Solving the field data management problem starts by bringing scattered sets of field operations data together in one, validated information hub. Mobile field data capture applications help field operators record and validate water volumes and other data directly on their phone, tablet or laptop instead of a paper or spreadsheet. Cloud-based field data capture solutions also support integration of SCADA data in real-time, providing water management service providers with up-to-date and accurate field information.
The cloud also provides seamless reporting and analysis on any device with a web browser. Such solutions can be rapidly tailored to each service provider’s business needs and key performance indicators to build a precise operational view. At a glance, the cloud-based water disposal dashboard gives field operations staff and management a clear view of trends over time, enabling business development to respond to market decline, adjust capacity to meet customer growth, and take proactive steps to prevent equipment failure and well downtime.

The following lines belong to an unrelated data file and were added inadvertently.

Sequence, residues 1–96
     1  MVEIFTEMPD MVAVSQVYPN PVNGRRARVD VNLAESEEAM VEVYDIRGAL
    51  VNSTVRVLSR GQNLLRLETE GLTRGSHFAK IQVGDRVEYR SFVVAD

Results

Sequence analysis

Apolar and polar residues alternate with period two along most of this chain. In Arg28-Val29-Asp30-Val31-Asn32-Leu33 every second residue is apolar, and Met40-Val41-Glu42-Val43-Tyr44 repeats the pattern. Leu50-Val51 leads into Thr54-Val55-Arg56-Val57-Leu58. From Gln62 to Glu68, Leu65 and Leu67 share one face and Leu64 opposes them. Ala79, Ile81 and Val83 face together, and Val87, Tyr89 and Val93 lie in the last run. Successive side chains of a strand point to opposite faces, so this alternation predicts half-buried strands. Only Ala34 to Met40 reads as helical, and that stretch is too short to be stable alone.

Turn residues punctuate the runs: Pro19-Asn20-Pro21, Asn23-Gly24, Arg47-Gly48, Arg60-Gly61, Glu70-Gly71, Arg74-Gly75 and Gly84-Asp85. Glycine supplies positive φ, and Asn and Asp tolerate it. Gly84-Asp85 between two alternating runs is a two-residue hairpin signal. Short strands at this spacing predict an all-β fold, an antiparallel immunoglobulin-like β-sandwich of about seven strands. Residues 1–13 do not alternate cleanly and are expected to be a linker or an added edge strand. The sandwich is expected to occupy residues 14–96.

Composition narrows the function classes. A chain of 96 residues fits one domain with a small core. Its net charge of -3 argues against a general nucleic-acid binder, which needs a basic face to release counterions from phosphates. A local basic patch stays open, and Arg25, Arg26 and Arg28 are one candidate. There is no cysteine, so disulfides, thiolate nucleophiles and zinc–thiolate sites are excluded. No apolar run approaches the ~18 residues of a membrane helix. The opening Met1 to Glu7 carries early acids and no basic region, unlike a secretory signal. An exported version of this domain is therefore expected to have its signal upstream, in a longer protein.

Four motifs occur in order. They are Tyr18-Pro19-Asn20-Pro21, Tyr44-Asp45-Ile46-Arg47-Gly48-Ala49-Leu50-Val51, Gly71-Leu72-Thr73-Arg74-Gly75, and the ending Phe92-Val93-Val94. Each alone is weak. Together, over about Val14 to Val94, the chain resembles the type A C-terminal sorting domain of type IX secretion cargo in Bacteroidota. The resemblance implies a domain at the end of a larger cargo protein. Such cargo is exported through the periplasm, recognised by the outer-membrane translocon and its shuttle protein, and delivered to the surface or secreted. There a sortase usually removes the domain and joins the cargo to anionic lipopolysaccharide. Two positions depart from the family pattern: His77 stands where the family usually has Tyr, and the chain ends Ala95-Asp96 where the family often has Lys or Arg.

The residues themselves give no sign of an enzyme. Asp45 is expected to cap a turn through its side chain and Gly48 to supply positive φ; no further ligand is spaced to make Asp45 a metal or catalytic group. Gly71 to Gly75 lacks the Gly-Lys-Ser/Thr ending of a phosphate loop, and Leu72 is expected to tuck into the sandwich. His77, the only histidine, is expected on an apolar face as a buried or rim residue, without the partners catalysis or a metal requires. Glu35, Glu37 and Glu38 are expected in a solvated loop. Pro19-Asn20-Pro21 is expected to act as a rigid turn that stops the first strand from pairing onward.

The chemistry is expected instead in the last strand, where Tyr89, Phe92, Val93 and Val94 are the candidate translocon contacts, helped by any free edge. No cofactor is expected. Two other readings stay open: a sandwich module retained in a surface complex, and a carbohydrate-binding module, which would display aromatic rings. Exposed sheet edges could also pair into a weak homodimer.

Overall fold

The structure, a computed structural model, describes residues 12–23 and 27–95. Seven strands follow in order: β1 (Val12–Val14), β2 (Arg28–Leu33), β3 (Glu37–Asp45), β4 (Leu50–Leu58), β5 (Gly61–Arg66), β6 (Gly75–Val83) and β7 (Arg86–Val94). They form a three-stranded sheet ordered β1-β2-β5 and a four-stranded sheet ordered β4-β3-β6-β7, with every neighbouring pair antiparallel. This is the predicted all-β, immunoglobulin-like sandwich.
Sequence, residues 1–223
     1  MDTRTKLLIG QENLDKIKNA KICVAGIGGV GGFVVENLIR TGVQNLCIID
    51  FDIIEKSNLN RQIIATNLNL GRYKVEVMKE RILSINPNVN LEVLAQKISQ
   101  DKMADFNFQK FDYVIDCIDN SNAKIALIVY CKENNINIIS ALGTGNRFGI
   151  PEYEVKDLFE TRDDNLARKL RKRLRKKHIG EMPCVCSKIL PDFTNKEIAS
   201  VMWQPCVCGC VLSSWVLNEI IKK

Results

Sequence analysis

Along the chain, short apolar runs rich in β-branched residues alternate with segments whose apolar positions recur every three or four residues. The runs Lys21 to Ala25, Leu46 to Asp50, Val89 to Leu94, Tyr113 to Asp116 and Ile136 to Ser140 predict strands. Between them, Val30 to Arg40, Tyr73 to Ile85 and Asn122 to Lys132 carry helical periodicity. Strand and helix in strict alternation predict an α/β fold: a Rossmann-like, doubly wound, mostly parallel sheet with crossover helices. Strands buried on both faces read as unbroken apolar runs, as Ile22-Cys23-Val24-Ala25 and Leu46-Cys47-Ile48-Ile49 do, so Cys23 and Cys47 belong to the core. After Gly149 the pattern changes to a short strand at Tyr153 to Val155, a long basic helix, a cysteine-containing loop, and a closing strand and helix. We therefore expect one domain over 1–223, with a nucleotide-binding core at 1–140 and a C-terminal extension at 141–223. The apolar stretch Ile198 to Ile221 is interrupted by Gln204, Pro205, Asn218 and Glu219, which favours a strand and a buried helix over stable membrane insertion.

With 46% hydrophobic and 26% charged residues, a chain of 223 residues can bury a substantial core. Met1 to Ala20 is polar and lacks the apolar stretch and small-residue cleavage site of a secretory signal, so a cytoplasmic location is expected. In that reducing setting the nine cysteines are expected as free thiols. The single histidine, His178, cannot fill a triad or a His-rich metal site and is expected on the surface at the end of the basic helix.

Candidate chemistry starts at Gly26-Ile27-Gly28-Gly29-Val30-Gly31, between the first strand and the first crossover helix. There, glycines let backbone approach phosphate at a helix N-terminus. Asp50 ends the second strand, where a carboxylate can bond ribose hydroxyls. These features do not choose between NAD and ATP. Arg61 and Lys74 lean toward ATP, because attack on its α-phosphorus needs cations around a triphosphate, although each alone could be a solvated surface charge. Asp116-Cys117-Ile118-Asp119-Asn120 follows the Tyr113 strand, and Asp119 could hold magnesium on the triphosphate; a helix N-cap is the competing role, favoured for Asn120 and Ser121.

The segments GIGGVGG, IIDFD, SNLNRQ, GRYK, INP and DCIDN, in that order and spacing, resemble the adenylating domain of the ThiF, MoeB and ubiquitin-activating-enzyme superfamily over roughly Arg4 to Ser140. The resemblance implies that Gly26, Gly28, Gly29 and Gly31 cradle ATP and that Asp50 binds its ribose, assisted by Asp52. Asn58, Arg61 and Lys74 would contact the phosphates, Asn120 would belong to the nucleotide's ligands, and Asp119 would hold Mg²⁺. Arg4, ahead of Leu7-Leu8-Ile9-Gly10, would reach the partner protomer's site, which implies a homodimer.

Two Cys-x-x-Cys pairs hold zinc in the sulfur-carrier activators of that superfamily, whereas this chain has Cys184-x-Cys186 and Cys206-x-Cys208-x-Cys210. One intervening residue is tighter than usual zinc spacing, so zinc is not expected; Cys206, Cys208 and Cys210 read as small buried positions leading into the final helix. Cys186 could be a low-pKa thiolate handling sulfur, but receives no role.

Cloud-based water management solutions equip service providers with a centralized and quality-controlled system of record in which to track volumes, run tickets, and injection wells. In addition to quick look analysis and daily field operations reporting, data warehouses can be securely accessed by API. As a result, users can directly access field operations data using SQL or business intelligence (BI) analysis software.
One Digital Water Management Solution, Upstream to Midstream
Water management service providers face many complexities in managing daily operations and growth. Increasing emphasis is being placed on dedicated gathering and transportation pipeline infrastructure to accommodate record amounts of produced water in basins across the country. Just as oil and natural gas infrastructure requires extensive planning to secure required acreage for future infrastructure, water management companies must obtain land and environmental rights to construct gathering and transportation systems to carry away saltwater from well sites to storage facilities and disposal wells. All of this presents a highly complex logistical challenge to orchestrate the physical movement of water through the system and an accounting challenge to efficiently manage contracts and fee structures, settle monthly transactions, invoice producers, and cut checks to vendors.